Harris may have won political points with her Sessions questioning. She also generated wide publicity by twice being cut off by male Republicans in recent intelligence committee hearings, once by chairman Sen. Richard Burr of North Carolina and then Tuesday by Sen. John McCain of Arizona.
But she has to be careful, said Sragow.
“The Senate club has always been marked by complex and ironclad etiquette,” he said. “When breached, that brings consequences.”
By contrast, Feinstein was firm but patient in her questioning at the intelligence committee hearing, which she believes was the wrong venue to hear from Sessions. Twice in recent weeks, once on June 9 and again on June 15, she has pressed Grassley to schedule hearings with Comey, Sessions, Deputy FBI Director Andrew McCabe and other figures who could share information pertaining to possible obstruction of justice.
In an interview last Sunday with CNN, Feinstein said she has served 24 years on judiciary and 16 years on the intelligence committee, and argued that the latter lacks expertise in obstruction of justice investigations.
“The judiciary staff are all lawyers, most very good lawyers,” she said. “So there is an opportunity to look at the law with respect to obstruction of justice, to hold a hearing and also to have those relative people come before the judiciary committee.”
On Friday, Feinstein warned of her concern that Trump will fire the Justice Department’s top officials leading the Russia investigation, Deputy Attorney General Rod Rosenstein and Special Counsel Robert Mueller.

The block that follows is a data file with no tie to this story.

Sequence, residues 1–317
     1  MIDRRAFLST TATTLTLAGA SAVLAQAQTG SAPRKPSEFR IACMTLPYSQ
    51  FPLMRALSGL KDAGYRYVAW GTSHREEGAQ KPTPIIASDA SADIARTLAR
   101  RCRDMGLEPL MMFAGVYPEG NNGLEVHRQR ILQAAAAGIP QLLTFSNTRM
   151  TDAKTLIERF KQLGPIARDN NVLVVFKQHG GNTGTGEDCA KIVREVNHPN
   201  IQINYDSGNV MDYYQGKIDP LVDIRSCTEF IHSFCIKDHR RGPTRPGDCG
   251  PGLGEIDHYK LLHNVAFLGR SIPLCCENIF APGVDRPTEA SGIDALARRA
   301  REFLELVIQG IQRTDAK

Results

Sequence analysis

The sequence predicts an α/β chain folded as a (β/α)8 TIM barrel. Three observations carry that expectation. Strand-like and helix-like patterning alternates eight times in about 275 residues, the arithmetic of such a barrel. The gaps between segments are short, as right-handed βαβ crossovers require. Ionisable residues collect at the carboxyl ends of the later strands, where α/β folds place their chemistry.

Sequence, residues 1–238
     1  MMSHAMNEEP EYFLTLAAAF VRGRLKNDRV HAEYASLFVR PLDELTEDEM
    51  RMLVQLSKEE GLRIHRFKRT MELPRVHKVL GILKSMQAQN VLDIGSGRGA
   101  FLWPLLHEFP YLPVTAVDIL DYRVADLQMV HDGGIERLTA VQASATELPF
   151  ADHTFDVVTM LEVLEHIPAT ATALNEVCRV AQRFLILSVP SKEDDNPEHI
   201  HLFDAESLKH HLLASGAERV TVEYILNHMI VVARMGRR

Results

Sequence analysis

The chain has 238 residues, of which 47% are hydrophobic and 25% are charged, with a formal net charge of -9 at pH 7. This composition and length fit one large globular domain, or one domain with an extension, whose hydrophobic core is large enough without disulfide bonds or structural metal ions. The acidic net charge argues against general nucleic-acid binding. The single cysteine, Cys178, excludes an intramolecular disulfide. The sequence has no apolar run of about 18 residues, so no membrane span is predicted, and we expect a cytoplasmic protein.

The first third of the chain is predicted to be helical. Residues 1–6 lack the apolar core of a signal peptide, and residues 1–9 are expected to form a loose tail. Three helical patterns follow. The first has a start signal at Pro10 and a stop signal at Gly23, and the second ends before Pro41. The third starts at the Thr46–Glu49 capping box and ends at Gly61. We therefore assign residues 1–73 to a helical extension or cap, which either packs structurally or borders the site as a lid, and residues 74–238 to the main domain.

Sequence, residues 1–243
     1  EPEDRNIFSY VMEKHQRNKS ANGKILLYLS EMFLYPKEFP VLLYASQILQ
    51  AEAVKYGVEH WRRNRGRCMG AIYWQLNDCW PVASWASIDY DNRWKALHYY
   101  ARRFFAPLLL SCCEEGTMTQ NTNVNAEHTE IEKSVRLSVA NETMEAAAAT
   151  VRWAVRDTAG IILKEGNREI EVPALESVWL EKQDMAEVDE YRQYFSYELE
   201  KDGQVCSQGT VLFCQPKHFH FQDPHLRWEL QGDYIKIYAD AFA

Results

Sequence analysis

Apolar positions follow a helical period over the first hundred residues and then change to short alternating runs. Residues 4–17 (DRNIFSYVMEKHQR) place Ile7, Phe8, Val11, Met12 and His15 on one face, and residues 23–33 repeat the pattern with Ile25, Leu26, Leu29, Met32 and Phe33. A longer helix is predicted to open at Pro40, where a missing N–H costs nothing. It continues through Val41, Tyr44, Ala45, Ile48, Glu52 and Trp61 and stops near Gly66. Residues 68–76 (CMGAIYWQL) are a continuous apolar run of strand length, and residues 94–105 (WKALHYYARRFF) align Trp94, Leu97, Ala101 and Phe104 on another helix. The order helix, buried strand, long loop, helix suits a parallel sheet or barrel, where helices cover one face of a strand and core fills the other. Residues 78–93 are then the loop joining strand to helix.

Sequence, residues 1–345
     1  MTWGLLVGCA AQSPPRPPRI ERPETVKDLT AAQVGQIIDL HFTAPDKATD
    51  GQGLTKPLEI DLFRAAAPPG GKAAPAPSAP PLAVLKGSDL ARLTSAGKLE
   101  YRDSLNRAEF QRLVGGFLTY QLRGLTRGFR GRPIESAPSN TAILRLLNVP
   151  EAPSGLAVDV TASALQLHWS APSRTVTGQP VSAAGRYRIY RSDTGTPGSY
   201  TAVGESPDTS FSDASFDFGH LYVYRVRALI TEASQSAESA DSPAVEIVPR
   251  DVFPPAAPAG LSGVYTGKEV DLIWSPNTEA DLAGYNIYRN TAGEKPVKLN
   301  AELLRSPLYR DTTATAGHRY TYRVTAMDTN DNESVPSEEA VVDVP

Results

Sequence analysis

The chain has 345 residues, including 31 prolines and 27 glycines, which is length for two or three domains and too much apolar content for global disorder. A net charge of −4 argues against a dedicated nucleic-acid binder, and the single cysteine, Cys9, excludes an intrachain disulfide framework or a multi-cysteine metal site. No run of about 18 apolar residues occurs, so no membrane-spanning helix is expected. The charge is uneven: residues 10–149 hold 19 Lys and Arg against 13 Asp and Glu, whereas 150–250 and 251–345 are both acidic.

“The message the president is sending through his tweets is he believes the rule of law doesn’t apply to him and that anyone who thinks otherwise will be fired,” she said in a statement.
Harris and Feinstein come from the same state and party, but their styles and political leanings are hardly similar. Harris, 52, has worked to appeal to the young left of the Democratic Party, voting against the nomination of John Kelly for homeland security secretary, for instance. Feinstein is a conservative on national security issues and more liberal on causes such as wilderness protection and gun control.
One trait they share is coyness about their political futures. In January, Feinstein had an artificial cardiac pacemaker installed. That has fueled speculation she may not run again, opening up the seat for one of California’s up-and-coming politicians, such as Los Angeles Mayor Eric Garcetti.
Another possible contender would be Southern California Rep. Adam Schiff, a former prosecutor and the ranking Democrat on the House Intelligence Committee. His statewide and national profile has soared with the Russia probes.
Eckery said he sees no signs of Feinstein slowing down or being unable to keep up with the pace of being a senior senator.
“For all the talk of Di-Fi moving on, she is bringing it,” he said. “She is doing her job, and if anything, she has been energized by events in Washington...She is going to leave when she is ready to leave.”